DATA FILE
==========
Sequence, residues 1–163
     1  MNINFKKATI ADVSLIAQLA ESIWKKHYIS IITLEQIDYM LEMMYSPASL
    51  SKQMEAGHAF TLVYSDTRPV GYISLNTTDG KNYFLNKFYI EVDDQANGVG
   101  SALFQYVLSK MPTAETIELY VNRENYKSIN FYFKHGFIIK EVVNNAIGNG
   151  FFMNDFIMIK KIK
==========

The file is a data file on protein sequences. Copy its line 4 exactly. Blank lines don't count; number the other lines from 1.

   101  SALFQYVLSK MPTAETIELY VNRENYKSIN FYFKHGFIIK EVVNNAIGNG